I am at a loss and I need some help. Let me be as brief and to the point as possible.
I have a fully modified K40. Really should not call it a K40 anymore because there is really nothing left of it. I have a TopWisdom DSP. My laser is calibrated, mirrors are aligned, I can cut perfect 100x100mm cubes anyplace on my 300x240 cutting bed. Just to be sure, I opened LightBurn and created a 100x100 cube, manually set my origin to 3 different locations on the bed and burned a perfect square.
I installed a LightBurn camera. Completed the calibration and alignment 3 times. The image I get from the camera is sharp and clear. I have good light. The calibrations score I received at each point was from .21 to a max of .29 at all eight points. My alignment circles and target are all pretty much perfect and I clicked on the centers, in the proper order, a single double click for each circle and moved on to the next one. Yes, I have a honeycomb bed and yes I FULLY covered the bed and no honeycomb was visible during the calibration steps.
I took some scrap material and drew 3 circles on it. Went into LightBurn and put a star in the center of the circle and it came out offset to bottom left as you can see in the image below. So I printed a 100x100 test square. The square came out perfect. I re-calibrated the camera, and re-aligned. I then put the same scrap in the laser. Took a picture. Drew a circle and square as shown in the image below.
This is the result. The circle and the square is again offset to the left, although it may appear that this time it is not as low as the star was.
I did this three times. All three times the result was the same. Any ideas?
Where do you have the camera mounted? On your lid? If so, the lid is moving.
This answer may not have an impact on your alignment issues, but it has been said, and I can confirm, that the system dislikes the pattern of the honeycomb bed. Even ordinary sheets of paper covering the pattern can improve the accuracy of the calibration and alignment.
If as Stroonzo suggests your lid is moving, that must be resolved first, of course.
I had calibration numbers very close to 0.30, but with comb-overs, it was cut in half or lower.
The fidelity of the view and the cut was much improved after this minor change.
If the camera is in a mount, make sure the mount is secure, and the camera is secure within the mount. The only thing that shifts your accuracy like this is movement of something - either the laser carriage, the camera itself, or whatever the camera is mounted to has moved. It doesn’t have to be much to throw everything off.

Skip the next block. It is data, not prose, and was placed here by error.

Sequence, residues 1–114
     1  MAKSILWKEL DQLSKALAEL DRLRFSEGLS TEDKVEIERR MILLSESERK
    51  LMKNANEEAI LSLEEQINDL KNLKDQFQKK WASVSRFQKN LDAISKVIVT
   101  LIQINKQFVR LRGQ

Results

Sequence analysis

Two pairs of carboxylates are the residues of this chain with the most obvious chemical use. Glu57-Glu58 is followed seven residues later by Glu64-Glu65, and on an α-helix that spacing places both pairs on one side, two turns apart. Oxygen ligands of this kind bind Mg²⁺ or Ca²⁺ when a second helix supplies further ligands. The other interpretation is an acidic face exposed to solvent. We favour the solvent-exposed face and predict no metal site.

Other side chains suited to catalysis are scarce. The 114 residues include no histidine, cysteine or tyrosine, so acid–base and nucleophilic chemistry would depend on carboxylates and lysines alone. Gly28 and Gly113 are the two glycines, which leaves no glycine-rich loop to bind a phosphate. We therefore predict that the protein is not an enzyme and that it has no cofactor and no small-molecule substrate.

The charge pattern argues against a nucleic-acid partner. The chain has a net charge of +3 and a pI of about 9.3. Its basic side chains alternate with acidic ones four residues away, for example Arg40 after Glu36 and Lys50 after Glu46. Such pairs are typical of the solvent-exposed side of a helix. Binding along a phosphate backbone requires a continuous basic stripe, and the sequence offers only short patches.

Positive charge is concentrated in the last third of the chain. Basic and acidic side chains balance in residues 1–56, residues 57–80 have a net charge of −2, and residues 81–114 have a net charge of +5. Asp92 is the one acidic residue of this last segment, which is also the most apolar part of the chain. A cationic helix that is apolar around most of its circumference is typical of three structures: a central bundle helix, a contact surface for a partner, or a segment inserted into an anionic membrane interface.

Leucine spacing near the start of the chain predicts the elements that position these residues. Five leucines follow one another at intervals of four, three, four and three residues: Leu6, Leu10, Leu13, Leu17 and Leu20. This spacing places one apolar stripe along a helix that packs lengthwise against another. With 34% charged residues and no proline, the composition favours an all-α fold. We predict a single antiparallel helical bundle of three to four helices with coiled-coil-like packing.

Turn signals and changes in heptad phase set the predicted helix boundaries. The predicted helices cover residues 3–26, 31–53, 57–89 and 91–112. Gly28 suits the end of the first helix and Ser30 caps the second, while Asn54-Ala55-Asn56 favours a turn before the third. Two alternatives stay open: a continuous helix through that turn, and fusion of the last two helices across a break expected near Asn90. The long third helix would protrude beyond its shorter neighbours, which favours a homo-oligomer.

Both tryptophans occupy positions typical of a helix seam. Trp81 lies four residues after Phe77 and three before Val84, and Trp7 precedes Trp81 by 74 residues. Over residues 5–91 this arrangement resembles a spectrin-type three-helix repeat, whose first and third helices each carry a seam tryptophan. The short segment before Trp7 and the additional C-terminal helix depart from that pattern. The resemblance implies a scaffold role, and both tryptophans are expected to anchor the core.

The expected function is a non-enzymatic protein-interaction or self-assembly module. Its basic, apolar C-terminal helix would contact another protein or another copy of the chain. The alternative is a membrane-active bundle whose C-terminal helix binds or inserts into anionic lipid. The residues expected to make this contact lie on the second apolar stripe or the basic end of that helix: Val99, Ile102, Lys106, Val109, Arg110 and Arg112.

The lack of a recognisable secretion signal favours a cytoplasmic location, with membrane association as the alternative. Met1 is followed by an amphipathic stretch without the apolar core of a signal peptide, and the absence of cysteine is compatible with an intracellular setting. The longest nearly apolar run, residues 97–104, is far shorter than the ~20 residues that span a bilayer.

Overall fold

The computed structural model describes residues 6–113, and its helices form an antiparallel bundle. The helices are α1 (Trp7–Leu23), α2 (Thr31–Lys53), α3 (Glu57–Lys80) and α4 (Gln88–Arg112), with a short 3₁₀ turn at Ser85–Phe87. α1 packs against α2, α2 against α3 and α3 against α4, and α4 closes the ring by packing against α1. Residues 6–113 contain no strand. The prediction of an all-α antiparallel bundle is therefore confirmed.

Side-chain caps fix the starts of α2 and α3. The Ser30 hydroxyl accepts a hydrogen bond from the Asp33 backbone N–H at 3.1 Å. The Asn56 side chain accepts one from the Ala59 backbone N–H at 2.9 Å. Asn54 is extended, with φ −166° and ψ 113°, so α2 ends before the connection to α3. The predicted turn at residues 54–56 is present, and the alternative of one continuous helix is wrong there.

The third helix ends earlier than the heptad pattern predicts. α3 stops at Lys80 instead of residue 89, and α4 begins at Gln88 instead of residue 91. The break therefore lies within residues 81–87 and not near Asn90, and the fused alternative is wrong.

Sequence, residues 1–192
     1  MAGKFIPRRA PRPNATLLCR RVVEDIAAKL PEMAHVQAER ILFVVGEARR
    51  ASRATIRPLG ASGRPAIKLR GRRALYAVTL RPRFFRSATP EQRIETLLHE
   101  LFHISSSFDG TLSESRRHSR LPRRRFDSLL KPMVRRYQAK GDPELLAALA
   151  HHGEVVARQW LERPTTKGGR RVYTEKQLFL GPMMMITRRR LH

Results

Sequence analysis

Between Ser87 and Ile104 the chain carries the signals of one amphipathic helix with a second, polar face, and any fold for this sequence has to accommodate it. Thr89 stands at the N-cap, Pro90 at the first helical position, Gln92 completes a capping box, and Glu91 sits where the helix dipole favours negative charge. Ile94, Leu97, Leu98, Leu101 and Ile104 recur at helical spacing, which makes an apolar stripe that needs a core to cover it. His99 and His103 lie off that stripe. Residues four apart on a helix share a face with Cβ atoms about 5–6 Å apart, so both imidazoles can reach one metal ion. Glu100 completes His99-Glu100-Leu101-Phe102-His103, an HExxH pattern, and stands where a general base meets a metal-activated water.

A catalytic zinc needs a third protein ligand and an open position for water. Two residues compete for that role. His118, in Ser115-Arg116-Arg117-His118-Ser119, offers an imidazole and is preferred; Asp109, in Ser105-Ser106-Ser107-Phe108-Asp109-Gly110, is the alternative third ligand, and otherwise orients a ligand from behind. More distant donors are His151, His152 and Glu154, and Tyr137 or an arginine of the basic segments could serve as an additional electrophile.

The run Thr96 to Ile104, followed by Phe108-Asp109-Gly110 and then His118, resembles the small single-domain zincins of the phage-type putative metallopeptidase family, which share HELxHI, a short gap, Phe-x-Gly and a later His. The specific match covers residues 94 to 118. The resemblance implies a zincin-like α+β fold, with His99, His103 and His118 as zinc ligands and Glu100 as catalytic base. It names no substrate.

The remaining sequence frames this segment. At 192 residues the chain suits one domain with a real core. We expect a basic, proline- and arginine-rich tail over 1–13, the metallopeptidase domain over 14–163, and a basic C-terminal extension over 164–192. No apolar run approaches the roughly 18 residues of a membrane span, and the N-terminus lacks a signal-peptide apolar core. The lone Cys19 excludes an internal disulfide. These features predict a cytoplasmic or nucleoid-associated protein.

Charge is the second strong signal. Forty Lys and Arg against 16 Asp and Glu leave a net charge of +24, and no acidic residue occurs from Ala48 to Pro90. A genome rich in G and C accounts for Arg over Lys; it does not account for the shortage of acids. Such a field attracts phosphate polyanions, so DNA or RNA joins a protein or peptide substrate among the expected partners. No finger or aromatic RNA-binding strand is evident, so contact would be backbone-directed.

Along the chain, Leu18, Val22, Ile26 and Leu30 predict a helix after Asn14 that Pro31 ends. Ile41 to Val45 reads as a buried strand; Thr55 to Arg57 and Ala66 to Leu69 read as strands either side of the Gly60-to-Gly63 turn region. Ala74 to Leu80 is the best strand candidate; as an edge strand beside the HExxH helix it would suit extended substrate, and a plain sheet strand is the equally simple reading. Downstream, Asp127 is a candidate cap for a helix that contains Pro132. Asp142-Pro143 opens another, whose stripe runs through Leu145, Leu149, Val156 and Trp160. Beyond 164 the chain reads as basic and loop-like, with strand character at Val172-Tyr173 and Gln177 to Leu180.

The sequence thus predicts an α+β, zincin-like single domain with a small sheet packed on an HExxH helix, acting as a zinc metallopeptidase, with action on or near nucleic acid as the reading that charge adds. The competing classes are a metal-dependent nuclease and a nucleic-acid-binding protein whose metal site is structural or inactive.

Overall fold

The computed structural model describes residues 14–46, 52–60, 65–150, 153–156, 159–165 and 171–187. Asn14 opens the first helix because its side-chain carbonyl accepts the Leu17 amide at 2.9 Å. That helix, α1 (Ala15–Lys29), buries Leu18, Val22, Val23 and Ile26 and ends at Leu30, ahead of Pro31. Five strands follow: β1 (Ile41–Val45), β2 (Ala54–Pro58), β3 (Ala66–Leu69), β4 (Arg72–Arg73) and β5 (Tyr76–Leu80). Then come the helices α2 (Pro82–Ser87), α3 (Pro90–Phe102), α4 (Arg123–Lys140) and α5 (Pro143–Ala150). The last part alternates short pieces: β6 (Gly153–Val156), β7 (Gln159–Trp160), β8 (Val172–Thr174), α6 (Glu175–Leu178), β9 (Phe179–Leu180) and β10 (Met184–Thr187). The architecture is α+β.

K40’s usually use a metal pin on each side of the lid, and the lid has quite a bit of lateral play. Adding shims to prevent that will help. If the camera itself can move in the mount, use a small bit of foam, felt, cloth, or even a small dab of hot glue to secure it in the mount. Then, make sure the lid opens to exactly the same height and angle every time. If you do not have gas struts, or they’re weak, adding a cabinet door style support can help (or even just a small metal cable with eyelets on each end).
Something like this:
Also, make sure the top of the material is at at the same height as the top of whatever you engraved the target markers into. The alignment is good for that height alone (IE, that distance between material surface and the camera).
The lid is not moving, or wiggling. I have inserted rubber grommets into the holes that the pins go into and the pins fit snuggly. I also have a gas shock mounted that allows the door to open and close to the same exact position each and every time.
Note: I edited this post because after I wrote it I realized that I may not have accounted for lateral movement. I will check for that in the morning and add a shim as required and re-align.
So I can confirm this:
I installed rubber grommets into the holes that the lid pins go into to take up the slack. There is zero play (wiggle) in my hinges, more on this later.
I have a gas strut securely installed. The door opens to the same position (angle) every time.
I installed a piece of non conductive foam behind the camera board in the case and the camera is not moving in the case.
I DID NOT check for lateral movement. I tried to account for everything else, but overlooked this. I will go check this tomorrow and add a nylon/felt shim in there and do another alignment.
As stated in my post I had the honeycomb pattern completely covered and none of it was visible at any time during the calibration.
I’m not sure how I missed that.
@Stroonzo and @LightBurn
Both of you guys are correct. I went back to the shop today and checked the lid extensively. The gas strut did keep my lid opening to the same angle each time, the lid didn’t wiggle around and the camera was secure. But I did have lateral movement that I didn’t notice prior. So I measured the gap and made a leather washer to take up the slack. Conducted another re-alignment, and two tests of capturing and opening and closing the lid, and moving my material around to print a star within a circle I drew on scrap material. Both are successful as you can see in the image below, along with my leather slack washer.
Thanks you both for providing some valuable feedback, and making me think about my setup. Sometimes we think we cover all the bases, but the reality is we miss something. Many thanks, for a successful end to what started out as a stressful weekend.
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